Wednesday, 12 October 2016

The Need to Move Quickly in a Candidate Driven Market

A lot has changed in the since the 'Great Recession' in 2008-09, especially in the 'job market' and many employers have realised the ‘hard way’ that they no longer ‘hold all of the cards’
Whilst there used to be lots of competition for jobs, with clients able to pick and be spoilt for choice, this is no longer the case. Gone are the days of slowly shifting to a candidate driven market over seven year cycles; it is here and, despite Brexit, the Scottish Referendum and other distractions, it has been here since before at least 2012. 

Candidates have a lot of power and are able to 'flex their muscles' when looking for a new role.  This means bad news for sluggish hirers as the talent they seek to acquire are receiving multiple job offers in a very short space of time. In addition to that, latest research from ‘Consol Partners’ show that at least 80% of candidates accept the first job offer that they receive. 

This makes it vitally important for all employers to move quickly when recruiting and here’s some straightforward tips to help you speed up your process.

Write A Clear Job Description – This may sound simple but often employers interview candidates that meet their criteria but don’t realise it. They’ve aimed for a target that they haven’t defined and without a job spec they didn’t grasp that they’d actually met their perfect candidate! Several weeks later, after meeting several further candidates that didn’t meet that benchmark, they return to offer the original candidate.  Surprise, surprise their perfect candidate has been recruited elsewhere.  Save yourself time, and lost opportunity, by having the criteria to recruit against from the outset.  Advice on writing job specifications can be found in our Recruitment Plan Template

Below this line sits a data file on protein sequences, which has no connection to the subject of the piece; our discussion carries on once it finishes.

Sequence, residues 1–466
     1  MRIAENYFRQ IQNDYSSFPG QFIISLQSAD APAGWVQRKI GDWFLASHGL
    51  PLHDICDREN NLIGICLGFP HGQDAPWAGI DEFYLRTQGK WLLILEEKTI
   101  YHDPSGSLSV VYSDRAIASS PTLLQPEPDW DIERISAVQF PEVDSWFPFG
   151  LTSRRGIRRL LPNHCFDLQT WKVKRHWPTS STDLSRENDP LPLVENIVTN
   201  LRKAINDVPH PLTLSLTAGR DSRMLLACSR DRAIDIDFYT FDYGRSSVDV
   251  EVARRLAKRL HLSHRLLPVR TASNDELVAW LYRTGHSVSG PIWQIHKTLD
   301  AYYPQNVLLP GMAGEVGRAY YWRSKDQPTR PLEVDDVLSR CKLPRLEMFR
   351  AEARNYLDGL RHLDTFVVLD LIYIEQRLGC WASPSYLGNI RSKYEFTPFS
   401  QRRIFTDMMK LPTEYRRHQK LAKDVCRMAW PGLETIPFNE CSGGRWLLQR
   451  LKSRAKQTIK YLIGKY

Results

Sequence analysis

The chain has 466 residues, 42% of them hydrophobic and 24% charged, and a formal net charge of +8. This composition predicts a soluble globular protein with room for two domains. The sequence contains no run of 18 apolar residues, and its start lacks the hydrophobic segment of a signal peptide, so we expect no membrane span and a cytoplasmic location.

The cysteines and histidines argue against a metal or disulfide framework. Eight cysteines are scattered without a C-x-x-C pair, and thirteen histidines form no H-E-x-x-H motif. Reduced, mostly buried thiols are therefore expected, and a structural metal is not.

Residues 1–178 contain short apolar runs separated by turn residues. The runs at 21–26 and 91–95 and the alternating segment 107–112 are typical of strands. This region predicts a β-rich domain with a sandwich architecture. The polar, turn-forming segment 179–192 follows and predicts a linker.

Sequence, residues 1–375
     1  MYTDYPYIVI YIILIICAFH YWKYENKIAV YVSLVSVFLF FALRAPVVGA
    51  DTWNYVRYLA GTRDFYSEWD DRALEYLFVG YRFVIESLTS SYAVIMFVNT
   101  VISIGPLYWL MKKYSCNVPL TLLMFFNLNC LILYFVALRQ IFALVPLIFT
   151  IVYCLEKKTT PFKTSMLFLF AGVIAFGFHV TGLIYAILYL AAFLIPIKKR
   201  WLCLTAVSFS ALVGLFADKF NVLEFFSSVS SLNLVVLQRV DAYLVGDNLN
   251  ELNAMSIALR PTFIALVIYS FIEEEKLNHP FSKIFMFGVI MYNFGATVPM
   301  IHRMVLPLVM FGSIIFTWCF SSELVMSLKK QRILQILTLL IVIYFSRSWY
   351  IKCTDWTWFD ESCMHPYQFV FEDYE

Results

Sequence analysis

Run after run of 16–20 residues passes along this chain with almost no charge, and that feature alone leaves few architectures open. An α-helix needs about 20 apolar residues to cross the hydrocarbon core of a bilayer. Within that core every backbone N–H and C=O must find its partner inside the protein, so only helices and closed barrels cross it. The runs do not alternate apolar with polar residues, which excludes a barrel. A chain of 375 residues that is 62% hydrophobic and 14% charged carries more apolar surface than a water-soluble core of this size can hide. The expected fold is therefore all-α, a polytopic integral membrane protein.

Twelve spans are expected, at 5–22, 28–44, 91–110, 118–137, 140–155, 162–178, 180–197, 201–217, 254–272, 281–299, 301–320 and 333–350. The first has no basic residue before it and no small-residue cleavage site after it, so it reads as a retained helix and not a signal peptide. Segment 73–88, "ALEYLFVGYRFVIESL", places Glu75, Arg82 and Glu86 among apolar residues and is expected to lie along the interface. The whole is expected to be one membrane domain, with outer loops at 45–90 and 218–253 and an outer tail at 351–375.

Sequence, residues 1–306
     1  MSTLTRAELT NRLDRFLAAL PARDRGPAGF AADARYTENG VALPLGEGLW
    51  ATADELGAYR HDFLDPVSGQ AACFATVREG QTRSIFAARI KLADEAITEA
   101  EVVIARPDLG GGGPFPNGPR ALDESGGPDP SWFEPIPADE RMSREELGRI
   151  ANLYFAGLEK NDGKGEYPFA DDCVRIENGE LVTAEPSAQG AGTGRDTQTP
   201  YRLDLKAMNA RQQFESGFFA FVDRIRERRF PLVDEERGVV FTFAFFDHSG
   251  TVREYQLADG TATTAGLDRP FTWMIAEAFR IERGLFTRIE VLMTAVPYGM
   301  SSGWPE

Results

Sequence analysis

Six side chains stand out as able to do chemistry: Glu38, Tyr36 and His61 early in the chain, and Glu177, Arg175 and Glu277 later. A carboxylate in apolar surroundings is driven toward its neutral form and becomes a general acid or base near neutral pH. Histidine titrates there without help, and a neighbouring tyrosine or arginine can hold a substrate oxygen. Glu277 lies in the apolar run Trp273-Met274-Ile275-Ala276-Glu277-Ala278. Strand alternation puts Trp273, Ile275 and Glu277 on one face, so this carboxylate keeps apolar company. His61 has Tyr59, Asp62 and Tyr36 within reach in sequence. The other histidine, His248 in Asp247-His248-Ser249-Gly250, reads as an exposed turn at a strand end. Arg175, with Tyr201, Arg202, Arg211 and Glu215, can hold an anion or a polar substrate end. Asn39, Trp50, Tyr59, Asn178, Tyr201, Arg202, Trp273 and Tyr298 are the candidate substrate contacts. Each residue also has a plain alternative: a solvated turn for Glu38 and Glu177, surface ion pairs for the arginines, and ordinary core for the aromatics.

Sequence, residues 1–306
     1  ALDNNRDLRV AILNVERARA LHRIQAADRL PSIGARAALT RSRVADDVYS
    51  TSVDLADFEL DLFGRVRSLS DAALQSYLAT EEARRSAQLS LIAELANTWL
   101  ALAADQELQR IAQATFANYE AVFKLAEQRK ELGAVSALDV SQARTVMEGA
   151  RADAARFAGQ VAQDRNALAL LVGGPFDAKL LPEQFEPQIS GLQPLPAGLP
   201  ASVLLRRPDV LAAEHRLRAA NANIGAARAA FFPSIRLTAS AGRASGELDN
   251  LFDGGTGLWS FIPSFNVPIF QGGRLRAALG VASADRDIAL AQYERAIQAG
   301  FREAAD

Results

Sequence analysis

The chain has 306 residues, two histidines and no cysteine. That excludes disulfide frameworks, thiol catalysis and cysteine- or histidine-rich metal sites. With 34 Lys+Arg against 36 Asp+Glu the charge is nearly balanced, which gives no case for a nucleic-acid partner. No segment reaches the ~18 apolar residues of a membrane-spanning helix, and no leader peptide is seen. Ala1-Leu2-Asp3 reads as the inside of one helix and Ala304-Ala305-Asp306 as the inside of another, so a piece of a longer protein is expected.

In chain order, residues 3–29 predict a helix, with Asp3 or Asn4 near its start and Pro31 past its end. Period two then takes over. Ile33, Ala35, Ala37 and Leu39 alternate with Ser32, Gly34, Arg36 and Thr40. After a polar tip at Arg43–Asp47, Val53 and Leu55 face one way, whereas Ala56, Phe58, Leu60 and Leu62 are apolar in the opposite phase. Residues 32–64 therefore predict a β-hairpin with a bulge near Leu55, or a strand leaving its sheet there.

Agree the Time-frame – Set out an agreed time-frame with colleagues for your recruitment process.  Check out our Recruitment Checklist for advice.

Are the Decision Makers there? Be aware of the availability of colleagues involved in your recruitment process.  Check their diaries and ‘pencil in’ agreed dates for all interview stages.

Make Quick Decisions Against Agreed Criteria – Don’t take days/weeks to decide if a candidate is the right fit, try to sit down straight after the interview to decide while the candidate is still fresh in your mind.

Trust Your Gut – Hiring decisions need to be a combination of both insight and instinct.  Aaron Wallis can help employers add effective recruiting tools into their service which do not necessarily prolong a hiring process.  Waiting for references can potentially add another week to the hiring process.  We recommend making verbal offers, ‘subject to references’ to ensure that you do not miss out on your perfect candidate.

Shorten the Process – Try not to drag out the process to more than 1st and 2nd interviews, any more than this and the candidate is already likely to have received an offer elsewhere.

Communicate – Things happen in business that ‘blur’ a recruitment process, we get that.  However, if you don’t inform candidates that there is a delay, with valid reasons, then they’ll simply assume that you’ve recruited elsewhere.

Moving quickly is likely to be the difference in securing the best talent and it could save you a lot of time, and lost opportunity, in the process.

Written by Liam Oakes





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